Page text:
Page:Popular Science Monthly Volume 91.djvu/910

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The Eagle Spreads His Wings

By Waldemar Kaempffert

��How 23,625 Ameri- can airplanes will be built at the rate of 3,500 a month to crowd the Germans out of the air

���The Liberty motor, which will solve the engine prob- lems of the air- plane, and how it will be built

��BETWEEN 1908 and 191 6 our army ordered fifty-nine airplanes and re- ceived fifty-four. In 191 6, with the possibility of being plunged into the war ever present, orders for 366 machines were placed, but only sixty-four were delivered. Even little Bulgaria in time of peace had almost three times the number of airplanes that we owned when we declared war.

And now we are planning to build 23,625 airplanes at the rate of 3,500 a month. From less than a hundred a year to over thirty times that number in a month!

Airplane building is essentially a military industry. The great French and German builders of flying machines would have starved to death had they been dependent on the general public, and this despite the rich prizes that were offered by sportsmen and despite all the interest whipped up in flying contests by the daily press. Because the airplane builder never received ade- quate support from the Government we have to create a real industry. In 1916 the American air- plane industry, such as it was, had a capitalization of only $50,000,000 and gave employment to about 14,000 men. The money invested in the airplane industry of England now amounts to $375,- 000,000; the number of employees is 66,- 000; the capacity of the plants is 41,000 machines a year. Compare these American and English statistics and it will at once appear how much ground we have to cover.

���Stitching the fabric of a stabilizing surface. Linen, for which we depend on Ireland, is used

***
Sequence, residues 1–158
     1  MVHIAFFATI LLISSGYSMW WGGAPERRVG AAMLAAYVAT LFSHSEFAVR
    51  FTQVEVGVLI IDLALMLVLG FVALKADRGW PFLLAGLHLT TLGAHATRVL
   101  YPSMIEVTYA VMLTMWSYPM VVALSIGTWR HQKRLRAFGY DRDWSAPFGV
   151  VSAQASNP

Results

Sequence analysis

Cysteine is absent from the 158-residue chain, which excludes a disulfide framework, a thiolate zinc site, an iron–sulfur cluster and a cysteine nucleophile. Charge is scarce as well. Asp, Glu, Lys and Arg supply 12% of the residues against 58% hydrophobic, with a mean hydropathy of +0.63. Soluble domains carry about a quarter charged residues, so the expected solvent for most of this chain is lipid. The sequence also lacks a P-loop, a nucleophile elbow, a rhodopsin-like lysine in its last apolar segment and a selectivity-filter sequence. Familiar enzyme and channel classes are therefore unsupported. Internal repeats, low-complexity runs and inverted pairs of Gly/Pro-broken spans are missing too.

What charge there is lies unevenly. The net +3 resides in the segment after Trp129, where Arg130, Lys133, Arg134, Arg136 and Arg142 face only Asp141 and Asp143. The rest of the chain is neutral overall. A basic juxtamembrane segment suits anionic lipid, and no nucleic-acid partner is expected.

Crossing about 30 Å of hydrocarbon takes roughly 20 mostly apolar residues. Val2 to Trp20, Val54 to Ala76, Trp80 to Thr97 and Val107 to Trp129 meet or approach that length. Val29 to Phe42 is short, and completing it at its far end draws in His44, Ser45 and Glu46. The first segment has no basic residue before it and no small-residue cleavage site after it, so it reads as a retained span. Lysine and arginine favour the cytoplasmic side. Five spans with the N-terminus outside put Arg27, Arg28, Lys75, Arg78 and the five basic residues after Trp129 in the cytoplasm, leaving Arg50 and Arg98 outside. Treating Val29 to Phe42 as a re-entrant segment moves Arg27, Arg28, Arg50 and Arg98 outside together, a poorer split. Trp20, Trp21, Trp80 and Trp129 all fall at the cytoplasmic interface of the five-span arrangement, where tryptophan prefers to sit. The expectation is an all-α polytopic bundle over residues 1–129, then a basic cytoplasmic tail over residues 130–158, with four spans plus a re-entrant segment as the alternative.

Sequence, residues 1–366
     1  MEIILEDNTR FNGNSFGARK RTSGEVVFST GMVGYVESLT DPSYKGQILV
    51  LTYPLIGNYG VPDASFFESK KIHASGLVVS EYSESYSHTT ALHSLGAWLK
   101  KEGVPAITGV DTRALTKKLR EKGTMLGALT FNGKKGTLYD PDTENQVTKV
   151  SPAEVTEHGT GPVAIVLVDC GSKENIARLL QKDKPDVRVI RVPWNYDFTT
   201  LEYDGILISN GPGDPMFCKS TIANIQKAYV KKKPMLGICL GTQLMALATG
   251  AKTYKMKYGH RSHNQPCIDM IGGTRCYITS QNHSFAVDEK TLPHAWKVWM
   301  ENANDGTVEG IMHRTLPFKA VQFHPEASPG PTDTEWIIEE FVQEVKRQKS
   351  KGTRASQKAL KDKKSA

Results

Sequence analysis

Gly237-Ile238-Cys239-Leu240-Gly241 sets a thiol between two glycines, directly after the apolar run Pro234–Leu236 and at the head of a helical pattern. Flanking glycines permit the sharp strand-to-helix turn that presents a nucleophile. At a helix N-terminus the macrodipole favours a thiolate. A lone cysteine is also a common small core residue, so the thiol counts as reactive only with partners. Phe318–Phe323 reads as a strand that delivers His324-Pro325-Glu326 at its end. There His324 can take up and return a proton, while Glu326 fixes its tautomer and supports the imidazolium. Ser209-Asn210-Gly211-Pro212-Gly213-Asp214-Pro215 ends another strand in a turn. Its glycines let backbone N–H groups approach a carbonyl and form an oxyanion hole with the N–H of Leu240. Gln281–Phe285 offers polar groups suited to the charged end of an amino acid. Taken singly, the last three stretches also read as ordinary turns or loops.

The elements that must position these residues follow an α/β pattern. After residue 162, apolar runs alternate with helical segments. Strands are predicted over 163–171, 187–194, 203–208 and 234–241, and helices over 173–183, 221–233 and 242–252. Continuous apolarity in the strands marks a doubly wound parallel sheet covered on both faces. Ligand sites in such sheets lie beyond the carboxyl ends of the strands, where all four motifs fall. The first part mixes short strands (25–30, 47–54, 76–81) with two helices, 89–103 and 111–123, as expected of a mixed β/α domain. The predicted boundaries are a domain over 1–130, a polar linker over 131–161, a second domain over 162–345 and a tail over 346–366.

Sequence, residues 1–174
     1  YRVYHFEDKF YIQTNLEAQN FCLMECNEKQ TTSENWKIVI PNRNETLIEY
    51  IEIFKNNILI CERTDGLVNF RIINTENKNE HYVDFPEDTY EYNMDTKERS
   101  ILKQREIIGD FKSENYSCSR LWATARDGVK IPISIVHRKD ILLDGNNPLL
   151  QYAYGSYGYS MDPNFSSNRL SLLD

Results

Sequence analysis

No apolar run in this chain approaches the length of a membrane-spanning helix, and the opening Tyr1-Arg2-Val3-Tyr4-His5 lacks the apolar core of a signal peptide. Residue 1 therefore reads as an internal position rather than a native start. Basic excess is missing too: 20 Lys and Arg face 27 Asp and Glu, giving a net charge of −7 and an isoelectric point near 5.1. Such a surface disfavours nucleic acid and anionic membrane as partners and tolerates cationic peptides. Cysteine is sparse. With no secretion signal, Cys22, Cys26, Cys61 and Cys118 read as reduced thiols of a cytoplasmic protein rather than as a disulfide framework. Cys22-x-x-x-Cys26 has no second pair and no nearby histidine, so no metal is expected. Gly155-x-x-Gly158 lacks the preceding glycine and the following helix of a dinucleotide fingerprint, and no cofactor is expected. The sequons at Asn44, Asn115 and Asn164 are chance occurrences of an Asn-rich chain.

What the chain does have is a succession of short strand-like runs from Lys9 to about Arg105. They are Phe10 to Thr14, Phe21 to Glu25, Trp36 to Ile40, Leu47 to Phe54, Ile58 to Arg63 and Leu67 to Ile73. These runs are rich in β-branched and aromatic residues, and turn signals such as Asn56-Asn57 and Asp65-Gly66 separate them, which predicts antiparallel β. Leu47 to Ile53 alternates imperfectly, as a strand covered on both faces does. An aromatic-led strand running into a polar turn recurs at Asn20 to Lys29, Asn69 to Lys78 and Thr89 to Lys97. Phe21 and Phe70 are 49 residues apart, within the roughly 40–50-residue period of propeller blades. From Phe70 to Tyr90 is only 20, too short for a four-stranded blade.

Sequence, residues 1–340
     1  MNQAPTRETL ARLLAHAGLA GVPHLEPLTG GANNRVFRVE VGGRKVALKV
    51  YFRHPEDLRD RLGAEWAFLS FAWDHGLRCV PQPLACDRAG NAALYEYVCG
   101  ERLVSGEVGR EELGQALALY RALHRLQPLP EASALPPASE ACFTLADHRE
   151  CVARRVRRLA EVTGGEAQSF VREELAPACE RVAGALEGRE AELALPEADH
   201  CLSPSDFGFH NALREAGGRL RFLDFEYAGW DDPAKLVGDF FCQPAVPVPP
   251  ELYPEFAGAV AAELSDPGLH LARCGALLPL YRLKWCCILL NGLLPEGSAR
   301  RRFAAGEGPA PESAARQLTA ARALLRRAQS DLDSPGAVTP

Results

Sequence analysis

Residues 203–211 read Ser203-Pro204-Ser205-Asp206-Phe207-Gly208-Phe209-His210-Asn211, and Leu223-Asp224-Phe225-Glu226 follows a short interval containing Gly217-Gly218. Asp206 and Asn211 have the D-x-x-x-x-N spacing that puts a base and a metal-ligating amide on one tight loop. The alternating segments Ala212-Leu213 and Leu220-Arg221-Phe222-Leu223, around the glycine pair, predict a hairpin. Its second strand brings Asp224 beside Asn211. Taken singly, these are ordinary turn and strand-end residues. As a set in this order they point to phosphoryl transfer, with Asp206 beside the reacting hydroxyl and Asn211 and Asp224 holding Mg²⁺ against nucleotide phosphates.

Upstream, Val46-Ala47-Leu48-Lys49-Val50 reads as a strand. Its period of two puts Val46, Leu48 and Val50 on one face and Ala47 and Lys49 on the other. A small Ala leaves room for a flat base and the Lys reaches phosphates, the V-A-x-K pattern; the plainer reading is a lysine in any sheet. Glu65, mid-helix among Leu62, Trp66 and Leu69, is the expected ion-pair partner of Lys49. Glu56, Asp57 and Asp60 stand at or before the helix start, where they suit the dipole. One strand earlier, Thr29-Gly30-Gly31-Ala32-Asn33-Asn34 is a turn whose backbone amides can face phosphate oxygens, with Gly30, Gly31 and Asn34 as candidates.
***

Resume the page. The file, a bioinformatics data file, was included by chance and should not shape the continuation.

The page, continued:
��Unfortunately the airplane is not like the automobile. It can hardly be compared, from a manufacturing point of view, with anything in the world.

The Automobile and Airplane Compared

It does not matter very much whether an automobile engine weighs thirteen, four- teen, or fifteen . pounds to the horsepower. An automobile-engine maker can think and work in pounds; but the airplane maker must consider ounces. The airplane itself is essentially a lifting device. It must elevate and transport not only itself but a useful load. The less of itself that it has to lift the greater the load that it can carry. Sometimes it must be fast — faster than any artificial thing except a bullet. Great speed can be attained only with a bigger engine, and that means more weight.

How An Airplane Engine Is Built

To make an automo- bile engine, molten metal is poured like so much water into a mold of sand; when the metal cools the crude form of an en- gine congeals. The Liberty motor is not so easily produced; it is machined out of a solid block of steel — the very best steel that the most know- ing metallurgists can produce. The cast- ing of an automobile engine is a matter of minutes; the ma- chining of a Liberty engine is a matter of hours, even days. Automobile engines are produced by the hundred in the working day

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